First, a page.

By Trisha Lyn Fawver
If ever a cause was near & dear to me, this is definitely one of them. As an affiliate manager, affiliate marketing is my livelihood. Over the last year, several states have introduced legislation defining affiliates as tax nexus for businesses. This means that if a merchant has affiliates in a state with this kind of law, they are required to charge sales tax for all online orders made to customers in that state.
This started in May 2008 with New York, and quickly spread to California, Minnesota, Rhode Island, North Carolina, Hawaii, and other states. Affiliate marketing advocates were successful in stopping the laws from passing in most states, however Rhode Island and North Carolina have passed similar laws to New York.
Amazon and other opponents to the law argue that a 1992 U.S. Supreme Court decision prohibits state governments from requiring retailers to collect sales tax unless they have a physical presence in the state, like a brick-and-mortar store. The challengers say that online affiliate marketers — including other Web publishers that garner referral fees because they have placed links to Amazon on their sites — don’t constitute a sufficient presence in New York to justify the tax.
Repercussions of the actions taken in New York have been felt around the country, in case you haven’t taken notice. Some New York state affiliate marketers lost upwards of 80% of their income. Amazon has been forced to sever ties with affiliates in North Carolina and Rhode Island in order to avoid charging sales tax to consumers in those states. This is because many online merchants running affiliate programs do not already have tax nexus in these states, and do not have the resources to alter the back end of their systems and take on the legal and financial responsibilities of charging tax in additional states.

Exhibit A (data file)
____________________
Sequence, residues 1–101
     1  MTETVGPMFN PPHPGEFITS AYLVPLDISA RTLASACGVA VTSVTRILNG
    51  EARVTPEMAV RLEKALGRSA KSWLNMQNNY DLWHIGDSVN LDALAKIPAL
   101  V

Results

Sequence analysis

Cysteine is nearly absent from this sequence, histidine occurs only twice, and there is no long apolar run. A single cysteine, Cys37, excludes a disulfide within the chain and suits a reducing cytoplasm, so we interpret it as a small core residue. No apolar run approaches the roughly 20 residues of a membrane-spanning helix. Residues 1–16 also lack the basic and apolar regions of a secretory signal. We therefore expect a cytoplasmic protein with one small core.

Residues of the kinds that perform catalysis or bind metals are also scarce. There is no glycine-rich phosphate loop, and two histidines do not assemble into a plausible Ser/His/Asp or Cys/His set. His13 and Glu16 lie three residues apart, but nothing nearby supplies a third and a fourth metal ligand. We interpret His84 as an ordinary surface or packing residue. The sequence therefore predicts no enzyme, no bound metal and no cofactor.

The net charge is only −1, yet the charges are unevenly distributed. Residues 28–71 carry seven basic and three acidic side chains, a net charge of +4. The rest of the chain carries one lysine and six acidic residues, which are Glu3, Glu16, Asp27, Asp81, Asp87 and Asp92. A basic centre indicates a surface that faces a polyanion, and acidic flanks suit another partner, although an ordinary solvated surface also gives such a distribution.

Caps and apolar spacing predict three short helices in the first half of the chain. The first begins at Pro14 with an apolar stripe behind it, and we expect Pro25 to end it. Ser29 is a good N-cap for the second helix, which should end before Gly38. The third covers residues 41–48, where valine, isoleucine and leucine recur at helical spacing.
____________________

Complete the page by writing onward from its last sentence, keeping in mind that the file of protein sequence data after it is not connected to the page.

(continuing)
A streamlined nation-wide online sales tax is years from reality, so in the meantime many of us have been working on the issue grassroots style: writing letters, going to our state capitol to make our voices heard. A more generalized moniker, the Advertising Tax, has been adopted by many to help legislators realize that this is bigger than just Amazon. Many affiliate marketing organizations have sprung from this issue to try to help the industry convince legislators that affiliate marketing is advertising, not a sales force, and should not be subject to nexus laws as such.
I, for one, hope that New York takes this brief under serious advisement and considers reversing last year’s laws. States should realize that, while the tax income this may generate is tempting, in the end they will lose money from all the affiliates previously paying income tax that are decimated by these laws. You can also do your part—if you hear of legislation being introduced in your state, take the time to organize fellow affiliate marketers to make visits to assembly members or state senators who have influence on the bill. Send letters to your district representatives requesting that they oppose the bills. Many resources can be found online to assist you at PerformanceMarketingAlliance.com, AffiliateVoiceLLC.com, and NYAffiliateVoice.com
Trisha Lyn Fawver manages affiliate programs, blogs, and explores the world of social media, all at TrishaLyn.com.